Rockville, Maryland, August 9 – Twelve enthusiastic individuals, many of whom have disabilities, recently began RespectAbility’s Virtual National Leadership Program. RespectAbility is a national nonprofit fighting stigmas and advancing opportunities so people with disabilities can fully participate in all aspects of community. Fellows learn about disability advocacy and gain the real-world skills required to become highly employable and impactful once they enter the workforce. Each Fellow specializes within areas of the organization that align with their career goals, including: public policy, nonprofit management, communications and community outreach.
Throughout the next six months, they will work on projects such as policy briefings, grant writing, social media content curation and media outreach, as well as soft skills including networking, public speaking and issue advocacy.
“I came to RespectAbility because I was impressed by the commitment to making practical change in all levels of society,” said Autumn Blalock, a Community Outreach and Impact Fellow. “Change begins at home and extends to the government – and RespectAbility is impacting all of it!”
In the fall of 2020, Blalock will begin her studies for a master’s degree in theater and a certificate of nonprofit management at Villanova University. Blalock’s research combines the fields of health psychology and Brechtian theatre to investigate how performing arts can impact the health behaviors of young adults. She desires to continue researching the ways that theatre can be used to encourage a higher quality of life for others, especially in low-income communities. Already during her Fellowship, Blalock served as the stage manager for RespectAbility’s week-long ADA30 Summit, July 27-31, 2020. She also worked with the more than 75 speakers to ensure they were set with everything necessary to present.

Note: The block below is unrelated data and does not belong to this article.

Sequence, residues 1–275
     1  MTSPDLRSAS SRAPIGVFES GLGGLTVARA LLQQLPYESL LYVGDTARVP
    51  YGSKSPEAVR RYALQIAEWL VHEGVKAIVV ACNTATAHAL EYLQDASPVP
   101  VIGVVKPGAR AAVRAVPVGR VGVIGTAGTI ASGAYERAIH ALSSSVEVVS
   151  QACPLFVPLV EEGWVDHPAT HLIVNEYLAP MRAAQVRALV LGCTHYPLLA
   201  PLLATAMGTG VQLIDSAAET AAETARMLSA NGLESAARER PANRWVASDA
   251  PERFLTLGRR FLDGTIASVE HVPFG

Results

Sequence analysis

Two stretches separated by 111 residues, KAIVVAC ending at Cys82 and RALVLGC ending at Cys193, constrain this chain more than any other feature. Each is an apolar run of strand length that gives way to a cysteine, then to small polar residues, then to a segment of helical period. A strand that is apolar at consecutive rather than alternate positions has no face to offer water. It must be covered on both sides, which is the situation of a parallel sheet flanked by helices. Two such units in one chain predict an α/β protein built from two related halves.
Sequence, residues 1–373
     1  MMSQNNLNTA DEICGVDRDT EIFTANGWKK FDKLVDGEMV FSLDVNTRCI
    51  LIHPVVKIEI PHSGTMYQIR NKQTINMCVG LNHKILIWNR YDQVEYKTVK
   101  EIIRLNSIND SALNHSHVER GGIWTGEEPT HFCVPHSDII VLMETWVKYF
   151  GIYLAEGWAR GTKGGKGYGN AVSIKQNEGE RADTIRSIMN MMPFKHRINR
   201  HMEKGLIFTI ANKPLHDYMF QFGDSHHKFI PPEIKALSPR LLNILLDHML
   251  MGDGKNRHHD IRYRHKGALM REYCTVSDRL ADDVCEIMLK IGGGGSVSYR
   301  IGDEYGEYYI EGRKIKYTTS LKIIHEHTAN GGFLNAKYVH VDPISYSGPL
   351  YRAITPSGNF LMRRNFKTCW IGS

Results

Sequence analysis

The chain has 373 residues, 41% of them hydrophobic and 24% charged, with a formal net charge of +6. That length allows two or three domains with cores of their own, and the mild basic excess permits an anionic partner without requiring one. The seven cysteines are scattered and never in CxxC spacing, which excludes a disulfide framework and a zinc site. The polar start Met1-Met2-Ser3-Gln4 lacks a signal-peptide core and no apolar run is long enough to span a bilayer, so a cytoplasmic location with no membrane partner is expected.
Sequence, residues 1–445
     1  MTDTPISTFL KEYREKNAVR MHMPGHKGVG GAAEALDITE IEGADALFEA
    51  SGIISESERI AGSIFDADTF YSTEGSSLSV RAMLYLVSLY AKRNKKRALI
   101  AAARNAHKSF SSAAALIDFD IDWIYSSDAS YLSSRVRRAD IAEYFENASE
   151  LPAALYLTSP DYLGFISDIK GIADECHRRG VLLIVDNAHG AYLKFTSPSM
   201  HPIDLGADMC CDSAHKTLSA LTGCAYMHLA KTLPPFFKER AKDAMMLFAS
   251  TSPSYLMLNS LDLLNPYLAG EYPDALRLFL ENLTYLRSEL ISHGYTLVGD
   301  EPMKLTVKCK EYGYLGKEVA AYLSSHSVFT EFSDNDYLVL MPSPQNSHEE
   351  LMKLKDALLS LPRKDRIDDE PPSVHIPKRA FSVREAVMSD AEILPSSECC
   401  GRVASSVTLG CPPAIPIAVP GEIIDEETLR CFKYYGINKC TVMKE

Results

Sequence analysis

Communications Fellow Lizzy Francis began her Fellowship in early June to assist with RespectAbility’s Lab for Entertainment Professionals with Disabilities. At the age of 17, she was diagnosed with Complex Post-Traumatic Stress Disorder and Anorexia, resulting in numerous hospitalizations and a revelation that led to a passion of storytelling and activism through film, especially regarding mental illness and racial issues. Currently she is a screenwriting major studying to create safe spaces for all groups of people, regardless of identity or ability. In 2017, Francis worked on an SXSW award-winning film in Vermont that aimed to integrate a crew and cast of people both with and without disabilities.
“RespectAbility was the tangible sign urging me to follow my passion for activism through representation. Through this nonprofit, I became both aware and inspired to fulfill my role to create a safer space for those that fall within the many intersections of disability and minority.”
KiAnna Dorsey, another Communications Fellow, also was looking for a position at the intersection of media and disability.